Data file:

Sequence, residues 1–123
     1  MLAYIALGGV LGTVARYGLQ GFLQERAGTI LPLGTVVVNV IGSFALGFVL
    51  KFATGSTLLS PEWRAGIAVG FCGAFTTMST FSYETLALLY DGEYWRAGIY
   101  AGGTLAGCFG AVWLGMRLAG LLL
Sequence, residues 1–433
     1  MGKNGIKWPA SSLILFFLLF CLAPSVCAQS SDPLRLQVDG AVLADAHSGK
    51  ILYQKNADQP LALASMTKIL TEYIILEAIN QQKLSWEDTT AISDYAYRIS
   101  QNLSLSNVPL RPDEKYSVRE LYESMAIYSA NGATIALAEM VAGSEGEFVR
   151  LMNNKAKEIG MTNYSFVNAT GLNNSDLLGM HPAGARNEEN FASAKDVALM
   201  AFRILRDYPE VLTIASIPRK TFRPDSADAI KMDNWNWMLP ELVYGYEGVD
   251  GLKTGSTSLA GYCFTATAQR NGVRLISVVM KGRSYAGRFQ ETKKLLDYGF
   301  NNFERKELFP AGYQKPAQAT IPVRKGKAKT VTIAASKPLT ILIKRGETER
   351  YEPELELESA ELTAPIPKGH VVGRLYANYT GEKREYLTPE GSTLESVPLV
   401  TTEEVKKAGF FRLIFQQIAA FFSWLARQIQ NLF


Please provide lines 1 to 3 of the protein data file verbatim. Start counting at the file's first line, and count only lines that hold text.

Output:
Sequence, residues 1–123
     1  MLAYIALGGV LGTVARYGLQ GFLQERAGTI LPLGTVVVNV IGSFALGFVL
    51  KFATGSTLLS PEWRAGIAVG FCGAFTTMST FSYETLALLY DGEYWRAGIY